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July 30, 2014
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‘Don’t rain on my parade!’

Backed by a large orchestra, the Deep Purple Experience was enhanced to a new level.


June 16, 2011

Those memorable lyrics, written by Bob Merrill and Jule Styne- for the Broadway classic “Funny Girl,” ran through my head during the past week as I made my way through the thunderstorms soaking the region – as always, in search of adventure.

I had to choose a parade, since I was overbooked (with two different cavalcades set for the same weekend) and decided on the Livingston Manor annual Trout Parade, which promised to be even bigger and more of a splash than ever before. Yes, there was precipitation in the forecast but no one can tell me to “just sit and putter,” so off I went, knowing full well what a “rain or shine” event means here in the Delaware River Valley.

Sure enough, it drizzled, misted and even sprinkled, but not enough to dampen the spirits of the fans who braved the clouds for this yearly event—which, as advertised, was even bigger and better than last year. Several bands (“I simply gotta march, my heart’s a drummer!”) joined the Mountain Tones, loads of floats and the ever-impressive giant puppets (www.catskillpuppettheater.com) as scores of families, clowns, antique cars and equestrians appeared out of the fog in time to make the day a rousing success. There were food booths (“I’ve gotta have my bite, sir”) saluting all things fishy and entertainment galore, including the harmonious “Johnny Darling Frolic,” which bears further study, since their name is derived from Catskill folklore.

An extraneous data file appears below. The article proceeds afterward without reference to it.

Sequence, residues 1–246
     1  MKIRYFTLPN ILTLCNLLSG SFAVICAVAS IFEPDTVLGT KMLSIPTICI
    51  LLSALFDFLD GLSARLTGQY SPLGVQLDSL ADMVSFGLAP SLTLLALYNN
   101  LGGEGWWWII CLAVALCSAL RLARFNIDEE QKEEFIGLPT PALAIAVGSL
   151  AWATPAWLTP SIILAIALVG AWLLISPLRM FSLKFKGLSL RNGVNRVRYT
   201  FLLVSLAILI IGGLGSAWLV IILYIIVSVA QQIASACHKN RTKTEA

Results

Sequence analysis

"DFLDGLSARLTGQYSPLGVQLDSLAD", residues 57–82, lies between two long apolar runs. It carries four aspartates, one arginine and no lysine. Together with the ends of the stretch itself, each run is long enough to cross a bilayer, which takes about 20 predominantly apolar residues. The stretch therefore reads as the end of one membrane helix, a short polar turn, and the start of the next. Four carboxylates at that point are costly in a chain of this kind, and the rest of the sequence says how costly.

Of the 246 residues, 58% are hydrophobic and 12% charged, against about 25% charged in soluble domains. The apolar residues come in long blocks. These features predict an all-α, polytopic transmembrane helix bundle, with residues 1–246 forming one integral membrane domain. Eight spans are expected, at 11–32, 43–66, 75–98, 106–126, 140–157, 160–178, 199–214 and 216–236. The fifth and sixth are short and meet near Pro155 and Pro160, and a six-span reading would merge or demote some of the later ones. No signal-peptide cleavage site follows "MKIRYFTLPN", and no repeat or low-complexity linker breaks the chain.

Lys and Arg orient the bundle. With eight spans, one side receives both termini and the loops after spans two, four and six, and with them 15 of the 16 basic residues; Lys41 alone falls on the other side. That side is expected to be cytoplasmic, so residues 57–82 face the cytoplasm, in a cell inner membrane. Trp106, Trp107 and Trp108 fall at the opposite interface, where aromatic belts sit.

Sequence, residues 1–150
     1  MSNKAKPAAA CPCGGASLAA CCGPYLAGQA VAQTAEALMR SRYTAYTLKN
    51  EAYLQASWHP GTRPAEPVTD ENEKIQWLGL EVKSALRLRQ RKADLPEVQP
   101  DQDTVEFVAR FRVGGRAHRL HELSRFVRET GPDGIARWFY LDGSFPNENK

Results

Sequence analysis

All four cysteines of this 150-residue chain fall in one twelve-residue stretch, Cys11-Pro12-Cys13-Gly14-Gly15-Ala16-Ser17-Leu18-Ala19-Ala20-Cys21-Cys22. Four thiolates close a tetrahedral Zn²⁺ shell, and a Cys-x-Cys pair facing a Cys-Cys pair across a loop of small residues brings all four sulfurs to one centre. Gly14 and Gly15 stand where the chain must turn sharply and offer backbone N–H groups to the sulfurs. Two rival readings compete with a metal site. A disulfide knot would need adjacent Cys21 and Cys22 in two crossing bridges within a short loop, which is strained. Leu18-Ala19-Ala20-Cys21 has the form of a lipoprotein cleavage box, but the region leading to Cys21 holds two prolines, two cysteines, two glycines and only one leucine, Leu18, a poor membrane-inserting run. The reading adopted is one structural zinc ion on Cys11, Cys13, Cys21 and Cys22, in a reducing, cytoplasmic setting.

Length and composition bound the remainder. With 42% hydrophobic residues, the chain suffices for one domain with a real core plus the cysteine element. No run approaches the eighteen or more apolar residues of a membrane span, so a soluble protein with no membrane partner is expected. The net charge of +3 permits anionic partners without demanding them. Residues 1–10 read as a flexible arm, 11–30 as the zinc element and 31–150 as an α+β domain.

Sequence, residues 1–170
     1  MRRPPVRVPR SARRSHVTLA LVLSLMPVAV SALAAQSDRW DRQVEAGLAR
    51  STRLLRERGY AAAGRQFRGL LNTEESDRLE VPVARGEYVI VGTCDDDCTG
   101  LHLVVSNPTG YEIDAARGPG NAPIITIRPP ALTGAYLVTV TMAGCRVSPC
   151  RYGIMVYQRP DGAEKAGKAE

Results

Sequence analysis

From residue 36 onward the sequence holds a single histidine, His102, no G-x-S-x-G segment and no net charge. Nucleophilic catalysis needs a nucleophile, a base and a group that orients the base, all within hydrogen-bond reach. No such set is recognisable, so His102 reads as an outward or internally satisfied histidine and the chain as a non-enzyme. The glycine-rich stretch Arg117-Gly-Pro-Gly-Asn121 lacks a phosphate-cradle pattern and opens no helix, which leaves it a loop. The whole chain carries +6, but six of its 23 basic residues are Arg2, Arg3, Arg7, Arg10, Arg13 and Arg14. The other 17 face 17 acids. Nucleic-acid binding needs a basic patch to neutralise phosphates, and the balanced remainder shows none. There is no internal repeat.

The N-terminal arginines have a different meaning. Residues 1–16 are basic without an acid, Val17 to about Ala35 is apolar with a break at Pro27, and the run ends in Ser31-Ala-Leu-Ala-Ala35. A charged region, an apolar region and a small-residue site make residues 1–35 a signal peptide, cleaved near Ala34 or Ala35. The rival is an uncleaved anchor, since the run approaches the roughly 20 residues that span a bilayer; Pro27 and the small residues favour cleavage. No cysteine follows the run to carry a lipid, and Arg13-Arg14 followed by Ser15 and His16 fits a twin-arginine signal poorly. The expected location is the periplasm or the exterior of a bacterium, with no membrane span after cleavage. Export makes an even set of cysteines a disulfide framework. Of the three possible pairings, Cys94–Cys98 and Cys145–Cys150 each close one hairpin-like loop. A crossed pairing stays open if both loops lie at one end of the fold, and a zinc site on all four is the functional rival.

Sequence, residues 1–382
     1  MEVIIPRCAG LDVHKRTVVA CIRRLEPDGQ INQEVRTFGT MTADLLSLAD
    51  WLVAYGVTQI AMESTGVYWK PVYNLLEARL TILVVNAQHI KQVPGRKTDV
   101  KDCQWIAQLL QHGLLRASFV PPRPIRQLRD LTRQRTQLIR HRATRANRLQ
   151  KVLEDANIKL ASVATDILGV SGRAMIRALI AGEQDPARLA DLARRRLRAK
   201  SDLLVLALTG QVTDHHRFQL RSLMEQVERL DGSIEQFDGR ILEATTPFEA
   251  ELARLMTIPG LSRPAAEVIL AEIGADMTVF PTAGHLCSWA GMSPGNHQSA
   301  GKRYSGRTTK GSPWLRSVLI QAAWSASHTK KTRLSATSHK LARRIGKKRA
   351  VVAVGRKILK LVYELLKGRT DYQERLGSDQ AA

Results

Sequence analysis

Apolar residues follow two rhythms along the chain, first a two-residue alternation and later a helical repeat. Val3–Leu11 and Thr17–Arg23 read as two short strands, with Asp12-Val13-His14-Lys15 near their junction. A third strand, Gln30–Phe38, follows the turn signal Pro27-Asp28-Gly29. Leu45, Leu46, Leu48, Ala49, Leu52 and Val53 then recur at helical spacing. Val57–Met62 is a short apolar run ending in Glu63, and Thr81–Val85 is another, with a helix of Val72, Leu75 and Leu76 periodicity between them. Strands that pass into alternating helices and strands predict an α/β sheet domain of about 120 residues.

Although “life’s candy and the sun’s a ball of butter,” there were still clouds on the horizon as I packed my things for a trip to Bethel Woods (www.bethelwoodscenter.org) to take part in the “Music & Astronomy Under the Stars” (MAUS) program, which tours different venues, this time around as prelude to an evening with iconic rock band “Deep Purple.” Astronomy buffs, including several members of a local group (www.rocklandastronomy.com) were out in full force with their telescopes and expertise on stargazing.